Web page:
In light of the global spread of African swine fever (ASF) that could have a devastating effect on the pork industry, the National Pork Board has developed a toolkit with materials related to biosecurity and foreign animal diseases for the show pig industry.
The many layers of biosecurity can be overwhelming. While education and training are essential, protocols must be executed properly and consistently. To build a biosecurity culture on the farm, everyone on your farm must understand why certain procedures matter and the potential fallout if they aren’t followed.
Biosecurity Before, During and After A Show
Key African swine fever facts
- Pork is safe to eat. African swine fever is not in the United States. U.S. pigs are not affected by the African swine fever (ASF) outbreaks in other countries, to date.
- African swine fever is a viral disease impacting only pigs, not people — so it is not a public health threat nor a food-safety concern.
- The USDA does not allow the importation of pigs or fresh pork products into the U.S. from areas or regions of the world that are reported positive for the ASF virus.
For a full list of producer resources and tools about foreign animal diseases such as ASF, visit pork.org/FAD.
Biosecurity: An Essential Piece of Today’s Herd Health Puzzle
Keeping pigs healthy and growing is priority No. 1 on pig farms, with biosecurity arguably playing the most critical part in good swine health management. Pig farmers have made tremendous progress in identifying effective biosecurity practices and in better understanding disease pathogens, but biosecurity remains an area of continuous learning.
“Swine diseases that we know about challenge biosecurity protocols every day,” says Lisa Becton, DVM, director of swine health information and research for the Pork Checkoff. “But it’s the diseases that we don’t yet know about or face that raise the stakes.”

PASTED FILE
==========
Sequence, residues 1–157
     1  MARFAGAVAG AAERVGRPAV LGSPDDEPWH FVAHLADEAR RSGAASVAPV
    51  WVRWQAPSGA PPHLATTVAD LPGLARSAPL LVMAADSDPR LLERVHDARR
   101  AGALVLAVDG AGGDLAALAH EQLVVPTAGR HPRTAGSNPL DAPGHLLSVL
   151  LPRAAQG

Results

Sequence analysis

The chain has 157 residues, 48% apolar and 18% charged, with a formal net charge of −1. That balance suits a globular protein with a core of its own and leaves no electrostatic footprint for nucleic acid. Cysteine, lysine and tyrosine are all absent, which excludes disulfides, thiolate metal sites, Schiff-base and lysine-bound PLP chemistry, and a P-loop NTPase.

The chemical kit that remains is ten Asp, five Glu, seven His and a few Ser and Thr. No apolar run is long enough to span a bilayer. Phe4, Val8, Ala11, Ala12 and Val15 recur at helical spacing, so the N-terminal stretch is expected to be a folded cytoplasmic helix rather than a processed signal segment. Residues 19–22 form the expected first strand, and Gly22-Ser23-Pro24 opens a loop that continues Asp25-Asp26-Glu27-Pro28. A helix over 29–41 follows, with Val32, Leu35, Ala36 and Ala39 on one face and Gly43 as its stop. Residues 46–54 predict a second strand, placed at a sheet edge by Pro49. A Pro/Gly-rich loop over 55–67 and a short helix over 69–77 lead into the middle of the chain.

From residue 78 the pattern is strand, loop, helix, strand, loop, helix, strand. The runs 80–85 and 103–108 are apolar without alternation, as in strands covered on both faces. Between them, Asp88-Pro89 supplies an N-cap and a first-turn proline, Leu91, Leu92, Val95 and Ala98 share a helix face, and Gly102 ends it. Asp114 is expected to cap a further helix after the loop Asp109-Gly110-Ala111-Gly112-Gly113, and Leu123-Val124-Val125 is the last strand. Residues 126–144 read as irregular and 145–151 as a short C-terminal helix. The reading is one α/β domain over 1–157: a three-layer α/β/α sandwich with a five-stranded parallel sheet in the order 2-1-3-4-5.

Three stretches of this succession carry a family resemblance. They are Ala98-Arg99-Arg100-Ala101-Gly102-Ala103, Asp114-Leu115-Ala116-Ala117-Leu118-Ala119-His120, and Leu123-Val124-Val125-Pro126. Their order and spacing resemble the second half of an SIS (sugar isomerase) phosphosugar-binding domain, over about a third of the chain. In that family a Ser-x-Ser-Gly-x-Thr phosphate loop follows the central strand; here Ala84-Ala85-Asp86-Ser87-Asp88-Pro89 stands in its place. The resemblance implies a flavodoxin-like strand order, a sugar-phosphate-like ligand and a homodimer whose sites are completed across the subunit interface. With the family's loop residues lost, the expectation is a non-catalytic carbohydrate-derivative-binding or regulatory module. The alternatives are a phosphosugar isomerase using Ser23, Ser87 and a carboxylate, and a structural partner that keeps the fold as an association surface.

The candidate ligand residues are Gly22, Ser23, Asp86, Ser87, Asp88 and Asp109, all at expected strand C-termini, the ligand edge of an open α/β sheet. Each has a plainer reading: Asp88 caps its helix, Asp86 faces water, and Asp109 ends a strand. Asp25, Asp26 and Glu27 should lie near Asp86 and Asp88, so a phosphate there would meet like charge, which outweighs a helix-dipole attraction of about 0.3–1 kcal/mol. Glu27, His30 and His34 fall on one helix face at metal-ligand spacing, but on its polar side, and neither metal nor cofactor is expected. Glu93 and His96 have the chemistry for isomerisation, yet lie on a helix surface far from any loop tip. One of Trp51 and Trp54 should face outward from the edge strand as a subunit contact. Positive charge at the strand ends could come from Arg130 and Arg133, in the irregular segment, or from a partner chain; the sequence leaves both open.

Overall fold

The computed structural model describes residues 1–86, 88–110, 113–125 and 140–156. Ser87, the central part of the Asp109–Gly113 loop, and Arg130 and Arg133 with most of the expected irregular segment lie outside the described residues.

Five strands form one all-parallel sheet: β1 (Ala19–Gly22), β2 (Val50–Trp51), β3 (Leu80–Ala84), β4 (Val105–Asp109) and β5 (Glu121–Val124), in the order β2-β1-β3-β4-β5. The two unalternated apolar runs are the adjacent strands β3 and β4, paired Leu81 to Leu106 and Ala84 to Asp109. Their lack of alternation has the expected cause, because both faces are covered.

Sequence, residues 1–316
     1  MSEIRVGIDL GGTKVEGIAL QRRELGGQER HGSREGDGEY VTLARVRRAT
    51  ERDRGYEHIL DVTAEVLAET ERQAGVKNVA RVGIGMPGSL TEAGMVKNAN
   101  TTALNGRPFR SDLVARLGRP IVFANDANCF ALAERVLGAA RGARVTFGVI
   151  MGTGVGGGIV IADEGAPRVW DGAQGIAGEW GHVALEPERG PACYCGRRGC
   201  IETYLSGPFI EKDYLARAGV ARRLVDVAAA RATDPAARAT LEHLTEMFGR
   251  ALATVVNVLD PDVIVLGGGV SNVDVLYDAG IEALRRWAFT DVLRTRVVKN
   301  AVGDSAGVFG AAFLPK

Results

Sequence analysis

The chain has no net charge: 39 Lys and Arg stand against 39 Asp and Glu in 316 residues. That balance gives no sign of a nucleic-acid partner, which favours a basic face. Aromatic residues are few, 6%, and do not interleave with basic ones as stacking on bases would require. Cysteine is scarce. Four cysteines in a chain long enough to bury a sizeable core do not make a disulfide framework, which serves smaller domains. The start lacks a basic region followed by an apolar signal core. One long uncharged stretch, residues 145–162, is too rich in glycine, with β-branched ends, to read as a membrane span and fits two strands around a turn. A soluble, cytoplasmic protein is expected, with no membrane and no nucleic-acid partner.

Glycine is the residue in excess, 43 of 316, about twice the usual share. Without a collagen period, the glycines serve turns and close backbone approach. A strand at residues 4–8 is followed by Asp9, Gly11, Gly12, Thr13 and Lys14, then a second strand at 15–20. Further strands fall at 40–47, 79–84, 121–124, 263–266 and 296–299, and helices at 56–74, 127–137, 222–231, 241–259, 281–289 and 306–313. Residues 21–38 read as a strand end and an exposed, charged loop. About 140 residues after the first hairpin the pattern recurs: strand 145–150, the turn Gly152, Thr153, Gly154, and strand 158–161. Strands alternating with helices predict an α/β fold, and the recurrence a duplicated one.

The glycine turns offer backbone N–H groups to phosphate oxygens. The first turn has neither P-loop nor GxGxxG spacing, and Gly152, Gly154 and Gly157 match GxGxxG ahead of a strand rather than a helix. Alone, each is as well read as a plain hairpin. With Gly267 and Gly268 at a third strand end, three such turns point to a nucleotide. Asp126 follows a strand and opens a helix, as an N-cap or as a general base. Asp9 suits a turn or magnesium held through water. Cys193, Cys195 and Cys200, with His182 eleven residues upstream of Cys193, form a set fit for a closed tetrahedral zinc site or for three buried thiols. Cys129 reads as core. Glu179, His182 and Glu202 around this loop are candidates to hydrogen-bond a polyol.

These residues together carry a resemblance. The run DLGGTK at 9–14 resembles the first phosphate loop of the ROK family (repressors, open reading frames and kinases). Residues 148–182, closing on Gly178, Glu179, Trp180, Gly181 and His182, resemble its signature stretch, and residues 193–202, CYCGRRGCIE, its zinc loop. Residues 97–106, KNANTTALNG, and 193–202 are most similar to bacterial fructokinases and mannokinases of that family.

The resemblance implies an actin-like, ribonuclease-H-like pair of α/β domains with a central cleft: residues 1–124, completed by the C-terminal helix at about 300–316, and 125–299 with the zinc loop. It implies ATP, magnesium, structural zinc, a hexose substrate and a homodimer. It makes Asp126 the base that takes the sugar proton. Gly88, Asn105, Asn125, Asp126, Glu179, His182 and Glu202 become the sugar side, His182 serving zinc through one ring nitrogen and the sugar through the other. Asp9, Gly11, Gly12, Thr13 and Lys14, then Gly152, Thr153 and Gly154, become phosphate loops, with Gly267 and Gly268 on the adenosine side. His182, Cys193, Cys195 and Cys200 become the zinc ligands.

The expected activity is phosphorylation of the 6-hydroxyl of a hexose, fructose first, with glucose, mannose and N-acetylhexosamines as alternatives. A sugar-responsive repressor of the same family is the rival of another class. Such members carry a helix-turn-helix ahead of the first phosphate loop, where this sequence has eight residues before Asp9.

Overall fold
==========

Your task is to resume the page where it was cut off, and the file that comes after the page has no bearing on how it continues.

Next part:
Diseases including porcine epidemic diarrhea virus (PEDV) and Seneca Valley virus, and foreign animal diseases such as African swine fever (ASF), are providing valuable lessons. Not only have they tested the limits of tried-and-true biosecurity protocols, but they also have challenged the need to find new or additional ones.
Biosecurity Resources for Exhibitors
Biosecurity is critical to keep your pigs healthy… before, during and after a pig show. Following these easy steps can keep your animals healthy and protect pigs across the county from getting sick.
A healthy swine herd starts with raising healthy pigs at home. And raising healthy pigs stares with biosecurity. This booklet is intended for youth exhibitors of all ages and levels of experience. In it, you will find recommended biosecurity guidelines to follow on the farm and when taking pigs to fairs and exhibitions.
With all the animals being commingled at an exhibition, show or sale, spreading disease is a risk. The recommendations lists apply to all swine at an exhibit or sale that are physically on the premise. Having a plan in place to identify and handle sick animals properly will help reduce the chance of disease spread.
As an organizer, what does this mean for my show and do I need to make changes?
These guide will help answer those questions.
Foreign Animal Disease Resources
In this booklet, PEDV Resources, you will find some practical steps created by working groups of industry experts designed to help you reduce the risk posed by PEDV to your pigs. Whether it is enhancing your biosecurity protocols or rethinking the relationship with your veterinarian, there are plenty of good tips and reminder in this booklet.
These guidelines apply to U.S. organizers hosting international visitors that will tour farms, packing and processing plants, live and/or wet markets, research facilities, laboratories or any other location where there is a likelihood that cross-contamination could occur directly or indirectly between the traveler and animals, fresh animal products or animal excretions.
This kit has one of each of Checkoff’s foreign animal disease educational resources. Include sturdy, barn friendly wall charts. Also included are two factsheets on what to do in case of a foreign animal disease is confirmed in the United States and FAD preparation checklist.